Kitty O’Neil’s Cause Of Death: Revisiting The Life Of Iconic Stuntwoman
Google recently honored Kitty O’Neil, a renowned American stuntwoman, on her 77th birthday anniversary (Born:24 March 1946) with a special doodle. O’Neil, who was deaf from a young age, is being celebrated by the Alphabet-owned tech giant for her incredible achievements as a daredevil and rocket-powered vehicle driver. The doodle was designed by Meeya Tjiang, a deaf guest artist based in Washington DC, and pays tribute to O’Neil, who was once named the “fastest woman in the world.”
Kitty O’Neil, a renowned stuntwoman and speed racer, has passed away at the age of 72. O’Neil was known for her daring feats and breaking land and water speed records. Her most significant accomplishment came in 1976 when she shattered the land-speed record for women by reaching 512.7 mph in the SMI Motivator, a three-wheeled rocket-powered vehicle, on a dry lake in Oregon’s Alvord Desert.
Kitty O’Neil’s Cause Of Death
She died on Friday in Eureka, South Dakota, where she had lived since 1993, from pneumonia, according to Ky Michaelson, a close friend who built rocket-powered vehicles for her.
Despite being deaf, O’Neil made a name for herself in the world of daredevilry. She also set speed records on water skis and in boats. In addition to her speed racing career, she worked as a stuntwoman, crashing cars and surviving immolation. She doubled for actresses such as Lynda Carter on “Wonder Woman” and Lindsay Wagner on “The Bionic Woman.”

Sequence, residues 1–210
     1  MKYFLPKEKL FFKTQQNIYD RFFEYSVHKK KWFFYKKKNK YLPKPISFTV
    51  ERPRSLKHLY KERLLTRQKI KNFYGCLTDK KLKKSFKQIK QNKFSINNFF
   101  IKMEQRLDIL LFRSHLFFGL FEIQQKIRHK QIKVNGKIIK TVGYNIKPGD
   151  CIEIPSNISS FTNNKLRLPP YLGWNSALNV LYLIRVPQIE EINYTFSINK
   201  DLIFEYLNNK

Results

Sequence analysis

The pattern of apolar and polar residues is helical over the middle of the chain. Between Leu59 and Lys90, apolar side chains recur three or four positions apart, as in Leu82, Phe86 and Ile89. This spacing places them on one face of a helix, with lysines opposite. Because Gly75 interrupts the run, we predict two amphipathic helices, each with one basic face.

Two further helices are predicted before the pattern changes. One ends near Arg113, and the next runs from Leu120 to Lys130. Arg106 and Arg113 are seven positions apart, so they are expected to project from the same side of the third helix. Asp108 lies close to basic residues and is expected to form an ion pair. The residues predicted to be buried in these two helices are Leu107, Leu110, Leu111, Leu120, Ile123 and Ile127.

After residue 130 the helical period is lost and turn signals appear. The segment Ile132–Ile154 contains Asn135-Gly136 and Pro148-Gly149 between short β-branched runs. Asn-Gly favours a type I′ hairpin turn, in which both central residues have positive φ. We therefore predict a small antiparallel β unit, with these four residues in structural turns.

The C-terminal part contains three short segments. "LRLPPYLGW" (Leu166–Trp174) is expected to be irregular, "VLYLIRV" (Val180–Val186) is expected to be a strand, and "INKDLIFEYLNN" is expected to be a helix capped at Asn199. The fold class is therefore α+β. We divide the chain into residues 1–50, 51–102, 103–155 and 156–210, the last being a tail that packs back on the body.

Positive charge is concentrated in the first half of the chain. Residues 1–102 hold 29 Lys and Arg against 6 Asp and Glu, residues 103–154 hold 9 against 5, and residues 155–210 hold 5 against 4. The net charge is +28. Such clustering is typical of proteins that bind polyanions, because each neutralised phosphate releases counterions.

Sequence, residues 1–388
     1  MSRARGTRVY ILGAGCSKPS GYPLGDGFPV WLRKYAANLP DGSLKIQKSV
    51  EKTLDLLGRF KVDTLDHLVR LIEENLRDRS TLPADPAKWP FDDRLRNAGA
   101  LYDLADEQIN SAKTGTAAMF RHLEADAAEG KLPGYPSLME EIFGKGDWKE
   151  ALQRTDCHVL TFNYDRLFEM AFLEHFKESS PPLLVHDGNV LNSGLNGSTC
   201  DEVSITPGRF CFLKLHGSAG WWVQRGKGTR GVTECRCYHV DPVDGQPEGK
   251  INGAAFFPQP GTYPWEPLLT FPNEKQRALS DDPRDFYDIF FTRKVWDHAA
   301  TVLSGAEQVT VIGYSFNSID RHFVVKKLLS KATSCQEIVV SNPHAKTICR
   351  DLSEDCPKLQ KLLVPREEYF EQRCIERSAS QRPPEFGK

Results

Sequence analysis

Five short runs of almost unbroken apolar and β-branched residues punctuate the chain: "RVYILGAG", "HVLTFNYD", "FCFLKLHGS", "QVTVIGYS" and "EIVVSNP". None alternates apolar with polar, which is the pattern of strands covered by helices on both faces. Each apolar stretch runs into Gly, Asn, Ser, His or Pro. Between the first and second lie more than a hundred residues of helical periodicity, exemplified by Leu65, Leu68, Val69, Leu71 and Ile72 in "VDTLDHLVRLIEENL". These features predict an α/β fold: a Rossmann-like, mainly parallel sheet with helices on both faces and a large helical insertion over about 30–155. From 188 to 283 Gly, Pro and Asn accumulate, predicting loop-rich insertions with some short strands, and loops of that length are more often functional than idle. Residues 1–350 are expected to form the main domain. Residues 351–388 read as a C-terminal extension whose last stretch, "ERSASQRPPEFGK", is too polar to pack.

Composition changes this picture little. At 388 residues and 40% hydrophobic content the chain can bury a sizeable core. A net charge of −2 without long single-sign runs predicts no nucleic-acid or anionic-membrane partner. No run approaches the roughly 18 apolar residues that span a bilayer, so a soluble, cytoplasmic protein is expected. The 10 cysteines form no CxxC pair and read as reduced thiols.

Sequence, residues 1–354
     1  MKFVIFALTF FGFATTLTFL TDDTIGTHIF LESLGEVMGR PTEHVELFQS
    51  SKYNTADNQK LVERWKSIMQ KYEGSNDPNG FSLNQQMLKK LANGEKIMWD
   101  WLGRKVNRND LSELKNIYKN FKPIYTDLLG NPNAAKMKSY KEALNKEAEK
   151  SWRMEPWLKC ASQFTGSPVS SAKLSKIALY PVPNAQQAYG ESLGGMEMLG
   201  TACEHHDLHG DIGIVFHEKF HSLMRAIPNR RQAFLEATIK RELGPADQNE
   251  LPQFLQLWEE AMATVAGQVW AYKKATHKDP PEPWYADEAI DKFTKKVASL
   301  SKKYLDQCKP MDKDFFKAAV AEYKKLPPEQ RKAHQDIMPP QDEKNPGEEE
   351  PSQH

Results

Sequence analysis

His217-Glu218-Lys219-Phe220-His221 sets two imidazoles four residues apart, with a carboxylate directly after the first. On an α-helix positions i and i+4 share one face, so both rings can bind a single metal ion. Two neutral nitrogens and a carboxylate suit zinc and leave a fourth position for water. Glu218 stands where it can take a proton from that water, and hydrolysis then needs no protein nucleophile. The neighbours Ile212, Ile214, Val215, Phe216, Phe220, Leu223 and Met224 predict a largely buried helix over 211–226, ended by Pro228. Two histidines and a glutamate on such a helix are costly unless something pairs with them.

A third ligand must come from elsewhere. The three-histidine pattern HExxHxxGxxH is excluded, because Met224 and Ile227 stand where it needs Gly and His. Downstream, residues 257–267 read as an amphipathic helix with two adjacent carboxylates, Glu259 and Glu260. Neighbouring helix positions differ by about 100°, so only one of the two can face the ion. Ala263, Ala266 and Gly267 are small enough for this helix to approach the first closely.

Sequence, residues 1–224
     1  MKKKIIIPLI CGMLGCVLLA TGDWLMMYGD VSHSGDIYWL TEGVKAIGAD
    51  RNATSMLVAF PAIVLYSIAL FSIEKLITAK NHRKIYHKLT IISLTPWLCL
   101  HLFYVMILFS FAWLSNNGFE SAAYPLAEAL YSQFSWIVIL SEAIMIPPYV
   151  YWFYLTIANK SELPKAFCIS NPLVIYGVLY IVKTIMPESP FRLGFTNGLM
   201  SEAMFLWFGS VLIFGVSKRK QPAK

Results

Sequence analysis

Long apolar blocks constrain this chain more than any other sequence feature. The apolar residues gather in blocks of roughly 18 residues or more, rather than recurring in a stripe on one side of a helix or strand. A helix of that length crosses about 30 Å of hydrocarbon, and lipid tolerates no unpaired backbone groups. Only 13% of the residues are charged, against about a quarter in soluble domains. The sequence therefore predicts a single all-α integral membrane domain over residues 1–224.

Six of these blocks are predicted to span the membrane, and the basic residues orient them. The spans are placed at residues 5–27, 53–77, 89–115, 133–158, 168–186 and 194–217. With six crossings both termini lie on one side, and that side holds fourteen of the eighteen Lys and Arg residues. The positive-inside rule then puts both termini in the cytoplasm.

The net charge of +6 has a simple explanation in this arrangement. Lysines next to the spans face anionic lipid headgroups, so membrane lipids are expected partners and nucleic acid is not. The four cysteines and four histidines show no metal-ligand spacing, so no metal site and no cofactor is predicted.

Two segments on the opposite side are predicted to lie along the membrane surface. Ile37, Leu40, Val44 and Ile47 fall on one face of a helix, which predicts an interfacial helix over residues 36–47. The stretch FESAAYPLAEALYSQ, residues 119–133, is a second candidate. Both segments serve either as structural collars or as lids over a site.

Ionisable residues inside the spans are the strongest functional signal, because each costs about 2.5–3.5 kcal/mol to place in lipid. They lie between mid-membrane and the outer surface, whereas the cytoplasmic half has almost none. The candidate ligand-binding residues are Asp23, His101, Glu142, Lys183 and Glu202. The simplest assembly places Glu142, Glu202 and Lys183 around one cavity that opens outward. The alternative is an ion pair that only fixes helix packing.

According to close friend Ky Michaelson, who built rocket-powered vehicles for O’Neil, “She seemed never to have fear. I’d never say to her, ‘Kitty, are you scared?’ Not Kitty. But I’ve been in a car with her many times, and she scared the heck out of me. She was a pretty reckless driver.”
O’Neil’s fearless attitude and love for adrenaline-pumping stunts led to an accident in 1978, when she attempted to set a quarter-mile speed record on a dry lake in California’s Mojave Desert. She was driving a rocket-fueled Corvette funny car, which she pushed past 350 mph before it flipped and flew 200 yards in the air before landing on its nose. Despite minor shoulder injuries, O’Neil claimed she had “a lot of fun.”
She Had Struggling Childhood Yet She Was Adventurous From An Early Age
Born in Corpus Christi, Texas, on March 24, 1946, O’Neil was deaf from a young age due to a high fever caused by measles, mumps, and smallpox that destroyed nerves. Her mother, Patsy (Compton) O’Neil, taught her to lip-read instead of using sign language, and even opened a school for the hearing-impaired. O’Neil’s father, John, was an oil wildcatter who passed away when she was young.
Kitty’s love of speed began at an early age. When she was just four years old, she asked her father to put her on top of his lawnmower and ride it as fast as it could go. She excelled in swimming and diving, collecting numerous medals before moving to Anaheim, California, to train with the renowned coach Sammy Lee for a spot on the 1964 US Olympic diving team. Unfortunately, a broken wrist derailed her dream, and after a bout of spinal meningitis, she lost interest in the sport altogether.